ACCURATE ABSTRACTS, LLC v. HAVAS EDGE, LLC, No. 2:2014cv01994 - Document 27 (D.N.J. 2015)

Court Description: OPINION. Signed by Judge Kevin McNulty on 10/14/15. (DD, )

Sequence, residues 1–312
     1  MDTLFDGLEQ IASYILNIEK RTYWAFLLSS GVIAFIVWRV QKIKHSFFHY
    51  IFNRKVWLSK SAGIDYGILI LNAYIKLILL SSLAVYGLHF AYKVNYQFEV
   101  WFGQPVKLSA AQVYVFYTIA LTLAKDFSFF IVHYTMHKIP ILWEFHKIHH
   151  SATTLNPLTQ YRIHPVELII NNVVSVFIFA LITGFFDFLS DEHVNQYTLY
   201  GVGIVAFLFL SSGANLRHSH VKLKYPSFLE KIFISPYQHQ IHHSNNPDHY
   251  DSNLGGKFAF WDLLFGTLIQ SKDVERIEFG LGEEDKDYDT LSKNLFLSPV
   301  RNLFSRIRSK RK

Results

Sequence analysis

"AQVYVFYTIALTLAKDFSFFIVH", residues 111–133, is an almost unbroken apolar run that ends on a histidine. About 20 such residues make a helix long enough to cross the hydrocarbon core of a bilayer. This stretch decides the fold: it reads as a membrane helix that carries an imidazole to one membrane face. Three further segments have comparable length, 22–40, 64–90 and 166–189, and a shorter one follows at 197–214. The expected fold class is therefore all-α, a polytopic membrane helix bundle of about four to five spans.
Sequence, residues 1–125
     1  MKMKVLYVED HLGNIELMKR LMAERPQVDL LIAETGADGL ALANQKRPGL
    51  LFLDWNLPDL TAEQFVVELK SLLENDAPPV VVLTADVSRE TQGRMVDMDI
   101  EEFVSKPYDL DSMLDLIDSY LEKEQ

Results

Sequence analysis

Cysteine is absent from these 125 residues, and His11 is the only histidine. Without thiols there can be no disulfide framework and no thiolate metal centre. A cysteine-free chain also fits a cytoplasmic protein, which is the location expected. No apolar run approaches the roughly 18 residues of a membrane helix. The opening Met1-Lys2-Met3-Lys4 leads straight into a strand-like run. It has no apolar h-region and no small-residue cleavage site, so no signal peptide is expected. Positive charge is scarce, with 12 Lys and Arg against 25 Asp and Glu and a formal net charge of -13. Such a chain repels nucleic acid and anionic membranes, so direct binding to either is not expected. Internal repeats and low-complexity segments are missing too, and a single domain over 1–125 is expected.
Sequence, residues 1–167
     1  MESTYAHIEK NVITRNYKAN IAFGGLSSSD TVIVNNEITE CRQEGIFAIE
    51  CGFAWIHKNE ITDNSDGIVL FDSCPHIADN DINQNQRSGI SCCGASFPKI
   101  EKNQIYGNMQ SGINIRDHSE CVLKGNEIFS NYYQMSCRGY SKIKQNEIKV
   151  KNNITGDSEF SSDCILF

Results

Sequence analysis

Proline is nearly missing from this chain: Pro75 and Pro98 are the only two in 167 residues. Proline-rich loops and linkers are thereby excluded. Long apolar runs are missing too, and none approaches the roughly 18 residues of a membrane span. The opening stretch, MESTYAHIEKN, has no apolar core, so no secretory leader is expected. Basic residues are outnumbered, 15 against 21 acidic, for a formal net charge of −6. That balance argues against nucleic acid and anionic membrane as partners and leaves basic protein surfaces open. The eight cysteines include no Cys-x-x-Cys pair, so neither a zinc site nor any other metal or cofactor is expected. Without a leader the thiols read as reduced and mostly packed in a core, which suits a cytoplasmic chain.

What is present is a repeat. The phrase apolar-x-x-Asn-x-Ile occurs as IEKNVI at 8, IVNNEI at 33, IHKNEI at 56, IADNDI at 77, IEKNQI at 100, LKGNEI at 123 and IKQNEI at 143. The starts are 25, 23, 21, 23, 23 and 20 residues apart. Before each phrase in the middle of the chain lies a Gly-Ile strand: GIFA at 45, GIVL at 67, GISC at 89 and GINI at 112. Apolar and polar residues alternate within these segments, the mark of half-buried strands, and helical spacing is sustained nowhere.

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UNITED STATES DISTRICT COURT FOR THE DISTRICT OF NEW JERSEY ACCURATE ABSTRACTS, LLC, No. 14-cv-1994 (KM)(MAH) OPINION V. HAVAS EDGE, LLC, Defendant. KEVIN MCNULTY, U.S.D.J.: Accurate Abstracts, LLC (“Accurate”) commenced this action against Havas Edge, LLC (“Havas”). Accurate’s amended complaint alleges that Havas breached a contract to build a website for Accurate. Now before the court is Havas’s motion to dismiss that amended complaint for failure to state a claim. (ECF No. 21) For the reasons set forth below, Havas’s motion to dismiss the complaint is DENIED. I. 1 BACKGROUND A. The Parties The plaintiff, Accurate, is a title abstract company registered and with its principal place of business in New Jersey. (Am. Compl. 1, ECF No. 19) The defendant, Havas, is a Delaware limited liability company with its principal place of business in California. (Id.) Havas, formerly known as Euro RSCG Edge The facts that follow are taken from the complaint. They are assumed to be true solely for the purposes of the motion to dismiss. See Part III, infra. 1 1 Dockets.Justia.com Plaintiff, LLC, provides marketing and communications services, such as website development. (Id. at ¶J3-5) B. The Contract Sometime before the last week of September 2012, Accurate and Havas entered into negotiations for a rebuild of Accurate’s website. In the course of those negotiations, Accurate expressed its cost sensitivity to Havas. (Id. at ¶f20-21) Havas provided Accurate with a cost estimate of $350,000 to $600,000 and a time estimate of six to eight months for the website project. (Id. at ¶J23-24) During the last week of September 2012, Accurate and Havas entered into an agreement, entitled Statement of Work (“SOW”), to rebuild Accurate’s website. (Id. at ¶31) The SOW provided for “a blended rate of $150, per person, per hour” without any mention of the prior estimates or any explicit limitation on the number of dollars or hours to be expended. (SOW 2, ECF Nos. 19-1, 2 1-3; see also Am. Compi. ¶34) The SOW did contain these provisions relevant to controlling or tracking costs: • “An Agile development process that is iterative and adaptable will be implemented. The process will be conducted around daily Scrum meetings held by the Agency with the Client, with the objective of keeping the team focused and lean but scalable with cost controls.” (SOW 1; see also Am. Compi. ¶38) • “Monthly invoices will be submitted for the duration of the project.” (SOW 2; see also Am. Compl. ¶35) • “Agency will track time and fees against the project scope on a bi weekly basis and review with the Client.” (SOW 2; see also Am. Compl. ¶37) • “Fee-based services and deliverables shall be pre-billed and payable in thirty thousand dollar ($30,000) increments with the first installment billed upon execution of the SOW and monthly thereafter.” (SOW 3; see also Am. Compi. ¶35) 2 • “If a change in scope associated with this SOW is identified or requested, Agency will submit a change order to Client for approval.... Agency will advise client of the anticipated delay and/or cost change... (SOW 4; see also Am. Compi. ¶36) The SOW also contained these relevant provisions: • “Client will own all code created by Agency.” (SOW 3; see also Am. Compi. ¶39) • “[Aill work done by Agency is considered ‘work for hire’, and as such, Client owns all work produced.” (SOW 3; see also Am. Compi. ¶39) • “Either party may terminate this SOW upon thirty (30) days advance written notice.” (SOW 5) • “Under no circumstances shall Agency be liable under this SOW, whether in tort, contract, negligence, strict liability, warranty or under any other legal theory, for losses in an amount exceeding the total fees collected for this SOW.” (Id. at 6) C. The Project After the parties signed the SOW, they began working on the project. Initially, as agreed, Scrum meetings were held and monthly invoices were sent. (Am. Compi. ¶j42, 56) But the biweekly tracking of time and fees for review by Accurate never occurred. (Id. at ¶53) Havas never submitted any change order advising of delays or increased costs. (Id. at ¶54) During the first half of 2013, there were gaps between invoices of two and a half, then three months, and costs escalated. (Id. at ¶J57-58, 60) Those increases prompted Accurate to request updated cost and time projections. (Id. at ¶63) Havas responded that the projected cost had almost doubled and that the completion date would be delayed by five months. (Id. at ¶J64—7O) In a conference call in July 2013, Accurate notified Havas that it was prepared to exercise its option to terminate the SOW. (Id. at ¶J74-75) Havas responded with a promise that the costs and completion time would not exceed those given in its recently updated estimate. (Id. at ¶78) 3 In September 2013, Havas informed Accurate that the cost estimate had again climbed, and estimated a cost-to-complete of $1.1 to $1.5 million. (Id. at ¶81) By the time Accurate filed the complaint in this case, invoices totaled approximately $1 million, Accurate had paid Havas $590,765.00, and Accurate had not received a usable product. (Id. at ¶J84, 114) Havas has refused to release to Accurate the code that it has already completed. (Id. at ¶ 112) D. Procedural History Accurate filed its original complaint in March 2014. (ECF No. 1) In June 2014, Accurate moved to amend its complaint. (ECF No. 15) Havas opposed that motion on the grounds that amendment would be futile. (ECF No. 16) Magistrate Judge Hammer, applying a motion-to-dismiss standard (see Part III, infra), granted that motion to amend. Accurate Abstracts, LLC v. Havas Edge, LLC, No. 14-cv-1994, 2014 WL 3573402 (D.N.J. July 21, 2014) (ECF No. 17) (herein, “MJ Hammer Opinion”). Judge Hammer held that: Even accepting Havas’s arguments about the contract’s silence as to • completion date and cost, Accurate adequately alleged other breaches of specific contract terms; Even accepting Havas’s arguments that damages were limited, Accurate • still properly alleged damages to some degree; and Accurate’s proposed amended complaint therefore properly alleged a • breach of contract claim. Id. at 4. Havas did not appeal Judge Hammer’s decision, and the amended complaint was filed. This motion to dismiss the amended complaint followed. I have reviewed Havas’s motion (ECF No. 21), Accurate’s response (ECF No. 23), and Havas’s reply (ECF No. 24). Because this motion to dismiss largely retreads the ground covered by the motion to amend, and because I agree with the essentials of Judge Hammer’s analysis, I will deny this motion to dismiss. 4 II. JURISDICTION The amended complaint alleges that this Court has subject matter jurisdiction because there is complete diversity of citizenship between the parties and the amount in controversy exceeds $75,000.2 (Am. Compi. ¶7; see 28 U.S.C. III. § 1332(a)) STANDARD Federal Rule of Procedure 12(b)(6) provides for the dismissal of a complaint, in whole or in part, if it fails to state a claim upon which relief can be granted. The defendant, as the moving party, bears the burden of showing that no claim has been stated. Animal Science Products, Inc. v. China Minmetals Corp., 654 F.3d 462, 469 n.9 (3d Cir. 2011). For the purposes of a motion to dismiss, the facts alleged in the complaint are accepted as true and all reasonable inferences are drawn in favor of the plaintiff. New Jersey Carpenters & the Trustees Thereof v. Tishman Const. Corp. of New Jersey, 760 F.3d 297, 302 (3d Cir. 2014). Federal Rule of Procedure 8(a) does not require that a complaint contain detailed factual allegations. Nevertheless, “a plaintiff’s obligation to provide the ‘grounds’ of his ‘entitlement to relief’ requires more than labels and conclusions, and a formulaic recitation of the elements of a cause of action will For purposes of diversity jurisdiction under 28 U.S.C. § 1332(a), the citizenship of an LLC depends on that of its members. Zambelli Fireworks Mfg. Co. v. Wood, 592 F.3d 412, 4 19-20 (3d Cir.2010). The amended complaint generally pleads that diversity jurisdiction is present. It does not, in so many words, allege the citizenship of each of the members of the plaintiff and defendant LLCs. The United States Court of Appeals recently held that a complaint need not specifically allege the citizenship of the members of a defendant LLC if, after reasonable investigation, the plaintiff is unable to do so. Lincoln Ben. Life Co. v. AEI Life, LLC, No. 14-2660, 2015 WL 5131423, at *6 (3d Cir. Sept. 2, 2015). Should it emerge that complete diversity is lacking, however, the action will have to be dismissed, unless there is some other basis for jurisdiction. The parties are directed to establish the jurisdictional facts through discovery at the earliest opportunity. 2 5 not do.” Bell Atl. Corp. v. Twombly, 550 U.s. 544, 555 (2007). Thus, the complaint’s factual allegations must be sufficient to raise a plaintiff’s right to relief above a speculative level, so that a claim is “plausible on its face.” Id. at 555, 570; see also West Run Student Housing Assocs., LLC v. Huntington Nat. Bank, 712 F.3d 165, 169 (3d Cir. 2013). That facial-plausibility standard is met “when the plaintiff pleads factual content that allows the court to draw the reasonable inference that the defendant is liable for the misconduct alleged.” Ashcroft v. Iqbal, 556 U.S. 662, 678 (2009) (citing Twombly, 550 U.S. at 556). While “[t]he plausibility standard is not akin to a ‘probability requirement’. it asks for more than a sheer possibility.” Iqbal, 556 U.S. at 678. IV. ANALYSIS Havas’s motion fails to heed the principle, well expressed in Judge Hammer’s opinion, that “[t]he Court [only] need[s] to decide whether these set[] forth breaches of specific contract terms.” MJ Hammer Opinion, 2014 WL 3573402, at *4 Rather, Havas again dedicates its allegations [sufficiently] ... briefs to arguments that Accurate’s claim should be dismissed “to the extent it seeks to impose liability for nonexistent obligations” and “to the extent plaintiff seeks remedies precluded by New Jersey law.” (Mem. Mot. To Dismiss Parts II & III, ECF No. 2 1-1) Havas earns no points for a neutral statement of the issue. I suppose that any complaint should be dismissed “to the extent” it seeks to enforce “nonexistent obligations.” The question here, however, is whether the amended complaint states a claim for breach of contract. It does; it alleges specific breaches of Havas’s duties under the 50W, and Havas cannot deny that a breach of the SOW may expose the breacher to damages or other remedies. Magistrate Judge Hammer’s decision on the motion to amend, which defendant did not appeal, largely disposed of those issues, which are now repackaged as a motion to dismiss. 6 A. Elements of a Breach of Contract Claim 3 Under New Jersey law, the elements of a breach of contract are that: (1) The parties entered into a valid contract; (2) the defendant failed to perform its contractual obligation; and as a result (3) the plaintiff sustained damages. Sheet Metal Workers Int’l Ass’n Local Union No. 27 AFL-CIO v. E.P. Donnelly, Inc., 737 F.3d 879, 900 (3d Cir. 2013) (citing Coyle v. Englander’s, 199 N.J. Super. 212 (N.J. Super. Ct. App. Div. 1985)); Peck v. Donovan, 565 F. App’x 66, 69-70 (3d Cir. 2012) (citing Murphy v. Implicito, 392 N.J. Super. 245 (N.J. Super. Ct. App. Div. 2007)). Havas disputes only the second and third elements . 1. Element 2: Defendant’s Failure to Perform To adequately plead a breach of contract claim a “plaintiff must... specifically identify the portions of the contract that were allegedly breached.” The SOW does not contain a choice-of-law provision. Both parties cite to New Jersey law, and I likewise will assume its applicability. 4 Courts in this circuit sometimes cite as a fourth element that the plaintiff has performed its own obligations under the contract. See Manley Toys, Ltd. v. Toys R Us, Inc., No. 12-cv-3072, 2013 WL 244737, at *2 (D.N.J. Jan. 22, 2013) (comparing Frederico v. Home Depot, 507 F.3d 188, 203 (3d Cir.2007), with Peck, 565 F. Appx at 69-70; see also Robertshaw v. Pudles, No. 1 1-cv-7353, 2013 WL 3976284, at *16 & n.40 (E.D. Pa. Aug. 5, 2013) (discussing the lack of conflict between the laws of Pennsylvania, Delaware and New Jersey regarding breach of contract claims despite courts’ sometimes citing this as a fourth element). Whether this is an “element” of breach of contract is largely a semantic question; there is no doubt that, for an executory contract, each party’s performance may be a condition precedent to the other’s duty to perform. Who goes first may depend on the terms of the particular agreement, and particular contracts may require alternating performance. In a footnote, Havas challenges Accurate’s pleading of this fourth “performance” element as conclusory. (Mem. Mot. to Dismiss 14 n.7) The complaint does, however, allege relevant facts. For example, Accurate pleads the not-negligible fact that it has paid $590,765.00 under the contract. (Id. ¶ 114) Requiring complete performance before any party can sue would lead to absurd results under the circumstances. This contract, which requires periodic payments in return for partial performance, “give[s] rise to the reasonable inference that the plaintiff had been entitled to some performance from the defendant.” See Manley Toys 2013 WL 244737, at *3 (discussing the origins of the plaintiff performance element). 7 Faisti v. Energy Plus Holdings, LLC, No. 12-cv-2879, 2012 WL 3835815, at *7 (D.N.J. Sept. 4, 2012); accord Grande Vill. LLC v. CIBC Inc., No. 14-cv-3495, 2015 WL 1004236, at *5 (D.N.J. Mar. 6, 2015). Accurate alleges that Havas failed to perform its explicit SOW obligations in five ways: • “Havas failed to use the Agile method....” (Am. Compi. ¶98; see SOW 1) • “[T]he bi-weekly tracking of time and fees against project scope and review with client required by the contract never occurred.” (Am. Compl. ¶53; see SOW 2) • Havas never submitted a change order regarding increases in cost or duration. (Am. Compl. ¶54; see SOW 4) • Havas did not submit timely invoices. (Am. Compl. ¶55, 57-58; see SOW 2, 3) • Havas refused to release the code to Accurate. (Am. Compi. ¶J1 1 1-12; see SOW 3)5 These allegations suffice to plead the second, failure-to-perform, element of a breach of contract claim. See 59O7Blvd. L.L.C. v. West N.Y. Suites, L.L.C., No. A-3709-11T4, 2013 WL 3762695, at *6 (N.J. Super. Ct. App. Div. July 19, 2013) (“Every failure to perform as required by a contract, even a small failure, is a breach that gives rise to a claim for damages.” (citing Restatement (Second) of Contracts § 236 comment a (1981))). Havas does not so much as attempt to establish that these are not valid allegations of breach. (See Reply Mem. Mot. To Dismiss 8, ECF No. 24 (“Havas does not dispute that plaintiff may have the right to assert breaches of provisions actually contained in the Agreement”)) This list is limited to allegations regarding terms written in the SOW. This limitation is not meant to imply anything about the allegations of oral promises made before and after the SOW was signed, a major subject of debate in the parties’ briefs. It is unnecessary to discuss those allegations at the motion to dismiss stage; I expect they will be developed in discovery. 8 The amended complaint, then, adequately pleads element 2 of a breach of contract claim. Whether other acts by Havas also constitute breaches of contract need not be settled now. 6 2. Element 3: Damages The amended complaint alleges that Accurate is entitled to monetary damages flowing from Havas’s failure to perform its duties under the SOW. (Am. Compi. ¶J135-36; see also e.g. id. at ¶1J66, 87, 98) The SOW, in setting a limit on damages, implies that monetary damages are available. (SOW 6 (“Under no circumstances shall Agency be liable under this SOW... for losses in an amount exceeding the total fees collected for this SOW.”)) Havas argues that damages should be limited in certain respects, but does not dispute that damages are available for breach of contract or that the amended complaint asserts a claim for damages. Element 3, then, is 7 adequately alleged. The contract contains no explicit termination date. But it does not necessarily follow that implication of any reasonable deadline short of “forever” would constitute an impermissible “oral modification” of the contract. That issue, however, need not be settled now; the issue now before the Court is whether the amended complaint adequately alleges a breach of contract. 6 It seeks specific performance as well. (Am. Compi. ¶ 141) The SOW grants Accurate ownership of the code developed by Havas as a work-for-hire. (SOW 3; see also Am. Compl. ¶39) The gist of the specific performance claim is that Havas should be compelled to turn over the code to Accurate. 9 V. CONCLUSION The amended complaint states a claim of breach of contract. For the reasons set forth above, Havas’s motion to dismiss it is DENIED. Dated: October 14, 2015 Hon. Kevin McNulty United States District Judge 10